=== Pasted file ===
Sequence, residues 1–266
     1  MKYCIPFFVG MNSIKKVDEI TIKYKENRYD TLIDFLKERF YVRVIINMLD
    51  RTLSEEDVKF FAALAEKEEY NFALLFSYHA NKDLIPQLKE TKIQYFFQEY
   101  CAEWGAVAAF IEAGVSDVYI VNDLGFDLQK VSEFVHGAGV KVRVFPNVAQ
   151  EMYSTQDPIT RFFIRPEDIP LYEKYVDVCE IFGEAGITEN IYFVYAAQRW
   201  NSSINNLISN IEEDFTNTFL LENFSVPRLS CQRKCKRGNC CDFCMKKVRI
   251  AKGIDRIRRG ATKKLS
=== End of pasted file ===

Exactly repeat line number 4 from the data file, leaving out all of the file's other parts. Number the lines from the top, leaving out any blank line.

   101  CAEWGAVAAF IEAGVSDVYI VNDLGFDLQK VSEFVHGAGV KVRVFPNVAQ